yep ... where IS the data ... I DO know that rowhouses in the District where selling for at least 20% more at the end of the first quarter this year than they were at the end of the first quarter of 2005 .... hmmm ... so, even if they stop going up in value, is someone who bought in early 2005 better off now ...let's see $500 home bought first quarter of 2004 would now sell for $600 ... wow that is a difficult one to figure ... but what if it DOES go down 15% ... wow, it's still worth $10K more than when they bought it ... So, unless they were buying it as flippers, would it really matter if the worst case scenario happened and the local economy tanked and the house sold for 15% less next year ... NO ... not a bit ... it would still be selling for more than what the person paid for it ... And, of course, how many people who buy a home to live in actually move out of it in less than 2 years? Dumb one I guess, since they also have to pay larger capital gains taxes for not waiting the 24 months ...

  48. "Where's the data?"

    This is the NAR release for 2006-Q1 Metro Prices.$FILE/REL06Q1T.pdf

    Boston is already -ve year-over-year in 2006-Q1.
    Do some digging and see for which metros the 2006-Q1 was less than their
    2005-Q2? Washington DC certainly qualifies.
    Unless WDC Median rises again from 2006-Q1 to 2006-Q2, it will be
    -ve year-over-year in 2006-Q2.

    "it's still worth $10K more than when they bought it "

    Are'nt you forgetting the realtwhore's commission, the interest
    for one year, property tax and insurance? I bet that will be
    more than 10K.

    "they were buying it as flippers"
    A good chunk of them are flippers. To put some numbers.
    Per NAR, In 2004 25% of homes sold, were purchased as second
    homes. In 2005 that number rose to 40%.


    This is an excellent source for the
    inventory explosion in several of the
    bubble markets.

    The inventory is exploding, because the
    buyers are'nt there to buy it.

  50. anon 8:55

    "second homes" doesn't equal "flipper property"

    I read somewhere just the other day (and posted the link) that there has been a recent large increase in people buying second homes 'cause those with the means to do so just have that much extra cash lying around that they can do so ... The Harvard report I was reading tonight referrenced something about Baby Boomer buying a lot more second homes.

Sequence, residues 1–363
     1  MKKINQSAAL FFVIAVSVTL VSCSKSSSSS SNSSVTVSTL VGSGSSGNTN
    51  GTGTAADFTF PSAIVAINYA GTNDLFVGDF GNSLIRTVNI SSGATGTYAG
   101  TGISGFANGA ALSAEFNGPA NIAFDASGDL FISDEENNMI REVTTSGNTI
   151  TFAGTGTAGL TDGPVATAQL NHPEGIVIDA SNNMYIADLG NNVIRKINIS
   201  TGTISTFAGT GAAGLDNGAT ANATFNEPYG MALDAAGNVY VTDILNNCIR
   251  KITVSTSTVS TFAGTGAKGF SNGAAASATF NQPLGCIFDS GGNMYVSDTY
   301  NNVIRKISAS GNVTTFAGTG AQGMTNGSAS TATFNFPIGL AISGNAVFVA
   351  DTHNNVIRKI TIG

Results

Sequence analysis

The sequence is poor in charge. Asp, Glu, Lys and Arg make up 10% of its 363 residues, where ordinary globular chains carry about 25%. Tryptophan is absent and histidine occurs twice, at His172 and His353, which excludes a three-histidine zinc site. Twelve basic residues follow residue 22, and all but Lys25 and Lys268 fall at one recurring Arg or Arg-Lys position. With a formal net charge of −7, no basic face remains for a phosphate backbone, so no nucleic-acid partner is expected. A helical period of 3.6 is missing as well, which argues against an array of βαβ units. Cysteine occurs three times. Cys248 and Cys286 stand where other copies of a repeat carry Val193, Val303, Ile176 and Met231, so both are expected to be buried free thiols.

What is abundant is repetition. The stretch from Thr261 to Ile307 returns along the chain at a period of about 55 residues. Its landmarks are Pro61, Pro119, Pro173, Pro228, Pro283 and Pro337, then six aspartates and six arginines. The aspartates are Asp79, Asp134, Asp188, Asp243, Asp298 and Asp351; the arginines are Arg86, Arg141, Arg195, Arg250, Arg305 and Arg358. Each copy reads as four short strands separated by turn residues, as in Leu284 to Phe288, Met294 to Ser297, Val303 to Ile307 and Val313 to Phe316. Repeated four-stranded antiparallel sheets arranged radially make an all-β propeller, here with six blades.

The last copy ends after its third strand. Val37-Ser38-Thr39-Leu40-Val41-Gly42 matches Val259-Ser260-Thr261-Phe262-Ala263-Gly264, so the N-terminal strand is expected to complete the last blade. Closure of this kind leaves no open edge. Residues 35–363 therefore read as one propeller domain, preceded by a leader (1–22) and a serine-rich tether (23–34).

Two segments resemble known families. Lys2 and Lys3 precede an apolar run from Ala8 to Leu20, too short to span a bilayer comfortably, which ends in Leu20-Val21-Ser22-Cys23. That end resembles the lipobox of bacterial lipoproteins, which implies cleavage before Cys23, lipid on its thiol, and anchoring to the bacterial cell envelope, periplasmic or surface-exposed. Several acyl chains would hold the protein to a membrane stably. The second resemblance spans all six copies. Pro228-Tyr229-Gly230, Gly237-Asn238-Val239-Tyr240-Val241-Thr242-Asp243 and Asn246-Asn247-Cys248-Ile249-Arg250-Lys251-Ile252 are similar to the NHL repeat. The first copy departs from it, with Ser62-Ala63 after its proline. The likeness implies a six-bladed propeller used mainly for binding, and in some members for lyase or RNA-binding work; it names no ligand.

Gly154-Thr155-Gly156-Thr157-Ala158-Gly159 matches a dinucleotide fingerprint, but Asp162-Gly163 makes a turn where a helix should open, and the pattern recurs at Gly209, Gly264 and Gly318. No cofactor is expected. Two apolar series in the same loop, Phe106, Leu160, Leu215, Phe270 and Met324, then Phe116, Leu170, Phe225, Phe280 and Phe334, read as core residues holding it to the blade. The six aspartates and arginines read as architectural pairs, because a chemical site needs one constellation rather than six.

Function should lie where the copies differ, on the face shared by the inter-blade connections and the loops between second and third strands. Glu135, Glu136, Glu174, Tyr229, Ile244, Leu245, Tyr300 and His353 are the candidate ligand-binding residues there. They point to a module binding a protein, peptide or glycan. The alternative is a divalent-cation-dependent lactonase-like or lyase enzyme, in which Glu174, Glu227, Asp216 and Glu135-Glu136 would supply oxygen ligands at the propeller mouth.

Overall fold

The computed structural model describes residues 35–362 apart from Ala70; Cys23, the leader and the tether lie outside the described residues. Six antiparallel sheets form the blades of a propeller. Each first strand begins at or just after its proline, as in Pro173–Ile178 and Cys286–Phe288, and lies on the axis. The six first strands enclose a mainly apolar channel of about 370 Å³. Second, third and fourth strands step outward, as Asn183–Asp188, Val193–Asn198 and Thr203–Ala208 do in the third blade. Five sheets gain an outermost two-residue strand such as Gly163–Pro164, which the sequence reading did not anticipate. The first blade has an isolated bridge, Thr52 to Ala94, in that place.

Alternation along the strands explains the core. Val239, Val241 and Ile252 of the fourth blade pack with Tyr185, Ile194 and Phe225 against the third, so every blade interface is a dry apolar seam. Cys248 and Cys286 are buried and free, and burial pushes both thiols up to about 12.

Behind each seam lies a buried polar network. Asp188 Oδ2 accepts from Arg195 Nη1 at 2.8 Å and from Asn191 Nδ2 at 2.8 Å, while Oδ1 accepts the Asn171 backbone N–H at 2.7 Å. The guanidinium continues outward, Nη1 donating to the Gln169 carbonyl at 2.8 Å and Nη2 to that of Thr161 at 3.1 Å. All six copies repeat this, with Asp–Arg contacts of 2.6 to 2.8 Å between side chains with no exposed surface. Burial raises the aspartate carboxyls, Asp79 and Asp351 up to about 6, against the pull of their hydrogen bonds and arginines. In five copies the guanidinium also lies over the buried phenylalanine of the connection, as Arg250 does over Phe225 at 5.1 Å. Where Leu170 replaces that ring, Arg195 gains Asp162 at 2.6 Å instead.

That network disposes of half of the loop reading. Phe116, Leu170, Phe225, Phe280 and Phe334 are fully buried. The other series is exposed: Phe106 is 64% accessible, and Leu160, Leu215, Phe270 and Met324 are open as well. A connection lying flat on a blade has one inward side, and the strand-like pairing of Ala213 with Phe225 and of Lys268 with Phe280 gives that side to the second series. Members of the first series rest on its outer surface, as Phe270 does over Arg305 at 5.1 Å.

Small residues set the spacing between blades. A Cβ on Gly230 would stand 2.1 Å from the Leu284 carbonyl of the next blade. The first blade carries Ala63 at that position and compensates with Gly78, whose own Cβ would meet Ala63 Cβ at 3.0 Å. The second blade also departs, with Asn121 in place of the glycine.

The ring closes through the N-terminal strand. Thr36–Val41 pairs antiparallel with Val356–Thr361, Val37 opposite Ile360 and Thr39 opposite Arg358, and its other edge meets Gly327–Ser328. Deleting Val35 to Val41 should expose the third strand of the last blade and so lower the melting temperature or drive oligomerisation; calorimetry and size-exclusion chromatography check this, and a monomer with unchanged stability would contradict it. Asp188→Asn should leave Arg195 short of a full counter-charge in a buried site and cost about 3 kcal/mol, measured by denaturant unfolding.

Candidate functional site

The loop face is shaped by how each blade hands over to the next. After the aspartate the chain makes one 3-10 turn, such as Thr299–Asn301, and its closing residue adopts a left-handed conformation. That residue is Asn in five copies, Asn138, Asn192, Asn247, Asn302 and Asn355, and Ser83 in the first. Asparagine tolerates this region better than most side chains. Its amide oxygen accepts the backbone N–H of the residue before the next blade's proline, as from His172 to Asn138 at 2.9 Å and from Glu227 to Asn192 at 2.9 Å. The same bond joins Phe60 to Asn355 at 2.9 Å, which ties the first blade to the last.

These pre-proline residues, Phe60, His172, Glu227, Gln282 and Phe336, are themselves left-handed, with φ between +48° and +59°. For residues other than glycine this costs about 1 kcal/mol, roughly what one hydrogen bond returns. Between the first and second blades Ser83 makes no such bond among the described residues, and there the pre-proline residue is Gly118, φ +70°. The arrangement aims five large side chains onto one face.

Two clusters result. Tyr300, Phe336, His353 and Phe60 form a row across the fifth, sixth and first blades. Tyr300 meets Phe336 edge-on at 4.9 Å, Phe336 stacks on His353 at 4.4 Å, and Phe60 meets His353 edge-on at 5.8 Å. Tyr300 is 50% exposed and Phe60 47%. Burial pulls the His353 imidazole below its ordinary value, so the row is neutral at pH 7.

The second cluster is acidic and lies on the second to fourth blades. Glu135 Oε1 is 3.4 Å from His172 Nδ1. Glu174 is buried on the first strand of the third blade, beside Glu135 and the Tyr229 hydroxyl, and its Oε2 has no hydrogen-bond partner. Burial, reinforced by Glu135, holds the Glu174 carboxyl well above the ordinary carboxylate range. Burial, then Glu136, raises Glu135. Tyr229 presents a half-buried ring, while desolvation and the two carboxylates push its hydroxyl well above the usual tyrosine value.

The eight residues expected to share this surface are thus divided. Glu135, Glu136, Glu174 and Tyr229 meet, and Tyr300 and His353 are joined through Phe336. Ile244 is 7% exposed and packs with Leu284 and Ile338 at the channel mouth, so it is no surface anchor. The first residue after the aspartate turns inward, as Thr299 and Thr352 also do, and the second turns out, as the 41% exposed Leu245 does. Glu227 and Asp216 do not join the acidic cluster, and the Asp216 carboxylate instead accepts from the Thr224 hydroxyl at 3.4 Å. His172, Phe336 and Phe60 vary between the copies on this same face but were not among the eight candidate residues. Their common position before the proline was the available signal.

As for paying the realtor, the interest etc. First off, when you buy, you know there are transaction costs involved in buying/selling. That is why when people only plan on being in a place a year or two, they rent instead of buying. (As renting was intended to be ... a shortterm housing solution.) If the unforeseen happens and the guy's friend HAS to sell after only one year, yes he takes the risk of having to incur more overall than if he had rented. BUT the premise was that he was staying longterm and would only sell if the unexpected happened. There's a business calc called "weighted risk" ... you estimate the chances of something happening and multiply that by the cost if that something happens. In this case, the chance of his getting laid off or experiencing something as terrible as that is maybe 1 in 10 at worst? ... So, you'd multiply the $20k extra it would cost if the unexpected happen by 10% and get $2,000 as the expected cost. Subtract that $2,000 loss from the $10,000 gain, and he is still ahead of the game. So, from a financial viewpoint, he should go forward with the purchase. 'Course I expect to be criticized by the bubbleheads on this calc 'cause unlike myself they don't have an MBA ... no, and they don't need one 'cause they are just naturally intelligent ... which is of course proven by the fact that they are still renters ... making their landlords rich.